A Guide To Emerging Antibiotics For Diabetic Foot Infections

By Mark Kosinski, DPM, and Warren Joseph, DPM

   Many exciting antibiotics have either recently been approved, received a new FDA indication or will soon become available. Some are well known and have already been incorporated into clinical practice. Many are the first in their respective classes and have novel mechanisms of action. What place, if any, do these drugs have in the treatment of diabetic foot infections (DFIs)?    That said, let us take a look at a number of newer as well as time-tested antibiotics and assess their efficacy for DFIs.    • Linezolid (Zyvox, Pfizer) and quinupristin/dalfopristin (Synercid®, Monarch Pharmaceuticals). While quinupristin/dalfopristin is active against methicillin-resistant Staphylococcus aureus (MRSA) and vancomycin-resistant Enterococcus (VRE), the drug has limited clinical use due to its administration via a slow infusion of a large volume or through a central line.    Linezolid, the first-in-class oxazolidinone, has 100 percent bioavailability after oral administration, is active against MRSA and VRE, and has proven efficacy in treating DFIs. Although treatment failures and resistant strains of S. aureus have been reported, linezolid remains a valuable new antibiotic and has received an FDA indication for diabetic foot infections. Both linezolid and quinupristin/dalfopristin are active against Enterococcus faecium but only linezolid is active against E. faecalis. Vancomycin-resistant Enterococcus are almost always E. faecium.

What The Research Reveals About Ertapenem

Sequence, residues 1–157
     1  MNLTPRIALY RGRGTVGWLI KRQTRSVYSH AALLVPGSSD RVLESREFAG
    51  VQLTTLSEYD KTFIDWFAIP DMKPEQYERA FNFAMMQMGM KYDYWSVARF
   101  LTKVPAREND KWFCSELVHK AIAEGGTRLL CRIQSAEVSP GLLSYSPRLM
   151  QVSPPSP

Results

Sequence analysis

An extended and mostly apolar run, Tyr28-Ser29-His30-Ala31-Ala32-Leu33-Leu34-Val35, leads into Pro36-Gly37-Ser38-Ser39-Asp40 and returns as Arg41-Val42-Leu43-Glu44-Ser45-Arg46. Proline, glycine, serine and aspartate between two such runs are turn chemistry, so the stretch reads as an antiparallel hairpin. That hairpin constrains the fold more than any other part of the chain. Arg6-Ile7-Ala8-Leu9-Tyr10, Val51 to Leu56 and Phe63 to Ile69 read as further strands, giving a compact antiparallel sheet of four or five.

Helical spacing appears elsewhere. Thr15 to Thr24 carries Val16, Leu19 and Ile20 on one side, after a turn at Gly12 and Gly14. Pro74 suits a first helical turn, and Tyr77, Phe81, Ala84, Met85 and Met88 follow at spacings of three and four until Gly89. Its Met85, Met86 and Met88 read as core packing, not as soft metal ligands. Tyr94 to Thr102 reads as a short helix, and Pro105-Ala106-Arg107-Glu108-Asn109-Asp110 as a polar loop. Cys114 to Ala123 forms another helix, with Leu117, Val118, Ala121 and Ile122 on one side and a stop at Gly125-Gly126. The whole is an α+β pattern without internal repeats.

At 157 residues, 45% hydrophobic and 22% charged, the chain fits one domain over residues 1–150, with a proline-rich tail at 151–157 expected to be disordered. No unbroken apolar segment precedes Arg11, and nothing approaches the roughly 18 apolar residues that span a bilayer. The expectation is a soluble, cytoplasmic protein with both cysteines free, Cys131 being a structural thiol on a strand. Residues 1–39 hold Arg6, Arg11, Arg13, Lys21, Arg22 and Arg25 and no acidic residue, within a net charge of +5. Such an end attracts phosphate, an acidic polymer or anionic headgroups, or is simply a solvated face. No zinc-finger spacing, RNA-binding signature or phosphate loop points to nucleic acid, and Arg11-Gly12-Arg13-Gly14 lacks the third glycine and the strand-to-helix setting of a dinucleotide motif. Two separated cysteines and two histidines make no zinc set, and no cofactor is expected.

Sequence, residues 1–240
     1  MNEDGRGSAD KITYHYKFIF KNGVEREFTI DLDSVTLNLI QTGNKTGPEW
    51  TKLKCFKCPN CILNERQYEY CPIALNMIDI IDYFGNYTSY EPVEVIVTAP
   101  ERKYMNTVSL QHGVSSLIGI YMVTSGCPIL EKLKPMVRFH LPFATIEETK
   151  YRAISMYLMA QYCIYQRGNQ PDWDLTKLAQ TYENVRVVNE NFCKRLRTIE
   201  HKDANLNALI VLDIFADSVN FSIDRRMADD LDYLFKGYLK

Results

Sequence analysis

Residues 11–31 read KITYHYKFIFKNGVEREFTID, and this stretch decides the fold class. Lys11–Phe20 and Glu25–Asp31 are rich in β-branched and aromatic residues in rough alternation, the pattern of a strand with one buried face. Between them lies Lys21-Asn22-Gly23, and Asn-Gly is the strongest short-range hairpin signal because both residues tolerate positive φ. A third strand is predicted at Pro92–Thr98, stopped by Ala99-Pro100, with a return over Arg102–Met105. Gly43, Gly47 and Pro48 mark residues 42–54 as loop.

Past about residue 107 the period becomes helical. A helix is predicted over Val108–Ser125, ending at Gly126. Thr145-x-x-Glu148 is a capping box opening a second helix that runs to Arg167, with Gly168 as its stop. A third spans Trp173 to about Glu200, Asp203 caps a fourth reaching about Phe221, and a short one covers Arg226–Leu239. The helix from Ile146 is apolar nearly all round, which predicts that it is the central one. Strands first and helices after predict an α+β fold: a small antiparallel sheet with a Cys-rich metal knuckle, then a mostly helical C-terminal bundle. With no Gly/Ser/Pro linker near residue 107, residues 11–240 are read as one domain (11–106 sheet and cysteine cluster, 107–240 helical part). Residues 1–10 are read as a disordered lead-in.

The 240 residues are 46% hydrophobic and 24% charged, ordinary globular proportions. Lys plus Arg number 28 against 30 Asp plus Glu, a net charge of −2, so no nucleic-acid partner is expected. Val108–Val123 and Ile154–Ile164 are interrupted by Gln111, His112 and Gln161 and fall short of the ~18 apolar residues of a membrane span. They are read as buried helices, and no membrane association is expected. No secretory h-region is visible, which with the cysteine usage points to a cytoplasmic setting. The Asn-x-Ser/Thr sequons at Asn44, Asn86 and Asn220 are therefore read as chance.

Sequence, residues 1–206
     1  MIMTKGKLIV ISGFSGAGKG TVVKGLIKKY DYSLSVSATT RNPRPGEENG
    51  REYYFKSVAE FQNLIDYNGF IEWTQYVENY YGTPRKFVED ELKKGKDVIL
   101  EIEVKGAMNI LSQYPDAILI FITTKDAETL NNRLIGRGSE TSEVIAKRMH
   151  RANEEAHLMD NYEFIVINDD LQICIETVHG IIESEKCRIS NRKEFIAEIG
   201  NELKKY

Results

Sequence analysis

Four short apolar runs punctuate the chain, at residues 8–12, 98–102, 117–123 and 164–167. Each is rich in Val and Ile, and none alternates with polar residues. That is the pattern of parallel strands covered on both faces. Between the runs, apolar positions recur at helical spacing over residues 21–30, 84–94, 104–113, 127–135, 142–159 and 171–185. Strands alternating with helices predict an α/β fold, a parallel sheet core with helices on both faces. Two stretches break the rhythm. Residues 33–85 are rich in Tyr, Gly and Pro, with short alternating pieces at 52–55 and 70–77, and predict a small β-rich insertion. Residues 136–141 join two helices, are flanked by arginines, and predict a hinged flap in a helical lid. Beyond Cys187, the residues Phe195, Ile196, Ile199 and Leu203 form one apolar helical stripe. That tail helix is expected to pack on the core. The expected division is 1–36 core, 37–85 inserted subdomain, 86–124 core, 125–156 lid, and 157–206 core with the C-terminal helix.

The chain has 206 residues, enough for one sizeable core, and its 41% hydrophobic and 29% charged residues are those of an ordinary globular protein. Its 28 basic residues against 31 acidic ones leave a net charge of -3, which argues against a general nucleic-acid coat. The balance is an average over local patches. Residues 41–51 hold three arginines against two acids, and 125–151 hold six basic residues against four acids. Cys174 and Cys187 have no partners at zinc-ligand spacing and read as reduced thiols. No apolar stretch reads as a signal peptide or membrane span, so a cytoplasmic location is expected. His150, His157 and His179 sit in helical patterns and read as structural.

• Ertapenem (Invanz, Merck). Ertapenem is a broad-spectrum carbapenem approved for the treatment of complicated skin and skin structure infections (cSSSIs), including diabetic foot infections without osteomyelitis.    Ertapenem has a narrow spectrum of activity compared to imipenem/cilastatin (Primaxin, Merck). It has good activity against methicillin susceptible S. aureus (MSSA), gram negatives and anaerobes. However, it has unreliable activity against Pseudomonas aeruginosa and enterococci. Researchers have shown that ertapenem has excellent in vitro activity against the most common aerobic pathogens and almost all anaerobes recovered from patients with infections of the skin and skin structures.1 It is not active against MRSA.    Perhaps ertapenem’s strongest benefit is its long half life, lending itself to once a day dosing and making it particularly attractive for IV outpatient therapy.    In a prospective, randomized, double-blind trial comparing ertapenem (1 g once daily) to piperacillin-tazobactam (3.375 g every 6 h) as parenteral treatment for 540 adults with complicated skin and skin-structure infections, 82.4 percent of those who received ertapenem and 84.4 percent of those who received piperacillin-tazobactam were cured. The most common infections in the study were deep soft tissue abscess (18.9 percent) and diabetic lower extremity infection (18.1 percent). With the exception of MRSA, almost all of the predominant aerobic pathogens were susceptible to both drugs in the study. Out of the 141 anaerobes tested for susceptibility, 97.2 percent were susceptible to ertapenem and 97.9 percent were susceptible to piperacillin-tazobactam.2    In another study known as SIDESTEP (the Study of Infections in Diabetic Feet Comparing Efficacy, Safety and Tolerability of Ertapenem vs Piperacillin/Tazobactam) Lipsky, et. al., recruited 576 patients to a randomized, double-blinded, multicenter trial. In the trial, 289 patients received 1 g of ertapenem daily and 287 patients received 3.375 g of piperacillin/tazobactam four times daily. All patients had moderate to severe diabetic foot infections. By the end of intravenous therapy, the clinical success rates were 94.2 percent for the ertapenem group and 92.2 percent for the piperacillin/tazobactam group, with no difference in the incidence of drug-related adverse events. The findings support the use of ertapenem as an important treatment option for DFIs.3

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